Etyen Mahçupyan, who until recently served as the chief advisor of Prime Minister Ahmet Davutoğlu, and who is a prominent ideologue of the regime, is a strong advocate of a coalition between the AKP and the CHP. Speaking to the Turkey Analyst, Mahçupyan stated that “the AKP wants a coalition with the CHP.” But would not a coalition between the two conservative parties, the AKP and the Nationalist Action Party (MHP) be more natural? Mahçupyan answers that that would be the “easy alternative” since the bases of the two parties largely overlap and the party organizations have a familiarity with each other, which would ensure that coordination among the ministries in a government with the MHP will work more smoothly than in a coalition with the CHP. But a coalition with the conservative MHP, even though “easier,” more practical, would have an ideological disadvantage; it would confine the AKP to the right. And Mahçupyan, like other AKP representatives, refuses to identify the AKP as a rightist, conservative party. “The AKP is a reformist party, a party that is changing Turkey,” he says.
AKP representatives and the regime’s organic intellectuals have indeed always maintained that the CHP, the Kemalists, are the “right” in Turkey. Whatever the accuracy of such ideological labeling, the point with identifying the AKP as non-conservative is that it serves to impress that the party is in tune with the march of history, that the future belongs to it.
But the party has suffered a loss of legitimacy – and implicitly the source of AKP’s legitimacy is located in the West. Ultimately, the survival of the regime is seen to be determined by Western perceptions of its rule. “We lost the West,” laments Mahçupyan. And that in turn was a consequence of the loss of the Gülenists. The perception of the West changed, says Mahçupyan, when AKP took measures to counter the power challenge of the Gülenists. “We never managed to explain the struggle against the Gülenists to the West, where the issue was seen in terms of the independence of the judiciary,” explains Mahçupyan. “First we lost Gülen (as an ally); then we lost the West during the battle with Gülen.” “This in turn brought with it solitude in foreign policy, which in turn kindled a sense of being vulnerable,” he emphasizes.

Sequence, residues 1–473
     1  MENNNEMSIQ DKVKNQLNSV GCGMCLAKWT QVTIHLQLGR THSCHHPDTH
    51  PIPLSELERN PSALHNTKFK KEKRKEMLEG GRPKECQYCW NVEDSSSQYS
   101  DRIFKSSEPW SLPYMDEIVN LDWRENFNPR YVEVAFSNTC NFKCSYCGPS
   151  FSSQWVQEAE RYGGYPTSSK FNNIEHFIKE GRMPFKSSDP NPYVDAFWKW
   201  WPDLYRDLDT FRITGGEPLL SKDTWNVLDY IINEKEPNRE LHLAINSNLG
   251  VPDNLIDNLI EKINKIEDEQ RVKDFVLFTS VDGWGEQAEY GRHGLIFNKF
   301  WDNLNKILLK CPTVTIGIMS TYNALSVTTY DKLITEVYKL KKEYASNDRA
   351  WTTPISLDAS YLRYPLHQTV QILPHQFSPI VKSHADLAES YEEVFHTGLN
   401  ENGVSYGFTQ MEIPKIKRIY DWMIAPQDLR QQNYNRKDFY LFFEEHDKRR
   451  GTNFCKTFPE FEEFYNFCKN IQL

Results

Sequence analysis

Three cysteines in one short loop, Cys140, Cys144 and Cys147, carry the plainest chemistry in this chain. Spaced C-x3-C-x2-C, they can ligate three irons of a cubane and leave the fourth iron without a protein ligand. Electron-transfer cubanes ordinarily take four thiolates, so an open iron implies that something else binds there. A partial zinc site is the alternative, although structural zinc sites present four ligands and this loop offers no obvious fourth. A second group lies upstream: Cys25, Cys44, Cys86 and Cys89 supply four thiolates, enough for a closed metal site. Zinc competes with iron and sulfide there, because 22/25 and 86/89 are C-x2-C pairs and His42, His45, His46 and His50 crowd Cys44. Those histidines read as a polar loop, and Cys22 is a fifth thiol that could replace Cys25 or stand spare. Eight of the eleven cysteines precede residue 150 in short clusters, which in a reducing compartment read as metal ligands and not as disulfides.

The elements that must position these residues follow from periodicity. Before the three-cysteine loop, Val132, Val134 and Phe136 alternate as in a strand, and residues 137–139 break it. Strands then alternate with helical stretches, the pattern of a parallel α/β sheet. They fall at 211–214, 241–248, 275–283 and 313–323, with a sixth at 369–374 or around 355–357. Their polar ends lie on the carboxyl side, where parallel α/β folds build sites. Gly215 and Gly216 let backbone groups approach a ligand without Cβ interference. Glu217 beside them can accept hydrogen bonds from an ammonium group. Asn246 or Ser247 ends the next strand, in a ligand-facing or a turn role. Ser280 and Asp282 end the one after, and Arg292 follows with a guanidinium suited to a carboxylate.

Mahçupyan claims that what has been perceived as the AKP’s authoritarian drift since 2011 is simply “the reaction of an AK Party that has become increasingly lonely,” abandoned and challenged first by its erstwhile ally the Gülenist fraternity and then misunderstood and treated with suspicion by its international patron, the U.S.
According to Mahçupyan, “Erdoğan has been sending the same message since 2013: “I am not Morsi.” Erdoğan may have been psychologically too disposed to listen to peddlers of conspiracy theories – of whom there have “unfortunately” been many around him – but in this perspective, he is not guilty of authoritarianism; if the president is to be faulted for something, then that would be that he has overreacted to being besieged by real enemies and misled into imagining that there are others after him as well. “The Islamic circles share Erdoğan’s analyses, but dislike his style and his methods,” says Mahçupyan.
The loss of international legitimacy jeopardizes regime survival, and normalization is required to restore legitimacy: Mahçupyan points out that the AKP wants a coalition with the CHP because it would usher in “normalization.” “That would mean the end of the old struggle, between Kemalists and Post-Kemalists.” “Once the old fight has been ended, no one will be able to say a word to Erdoğan,” that is, accuse him of being an authoritarian despot. For the AKP a coalition with CHP would be a “rebirth,” and an AKP that has “regained its legitimacy is going to regain its voters.”
But the AKP is not about to abandon its ambition to remake Turkey in its image; “normalization” would only be temporary. Thus, Mahçupyan points out that “the discussion about the system is going to be revived.” And he does not hold out any prospect of compromise. Davutoğlu’s former chief advisor emphasizes that the presidential system that Erdoğan wants has not been shelved: “It is going to be introduced sooner or later”.
CONCLUSIONS: Forming a coalition with CHP would offer the AKP the opportunity to reinvent itself as a supposed force of societal reconciliation and normalization. It would above all refurbish the image of the party in the West, once and for all refuting the charges of authoritarianism.
However, what is envisaged is the “rebirth” of AKP’s plan to hold on permanently to power, not of any hopes of democratic pluralism. The logic behind a coalition with the CHP is that it would restore the regime’s international standing, by projecting an image of reconciliation, and thus help entrench it. The question is why the CHP would even contemplate lending itself to such a project.
Halil Karaveli is the Editor of the Turkey Analyst and a Senior Fellow with the Central Asia-Caucasus Institute & Silk Road Studies Program, Joint Center.
(Image attribution: Wikimedia Commons; Boris Ajeganov)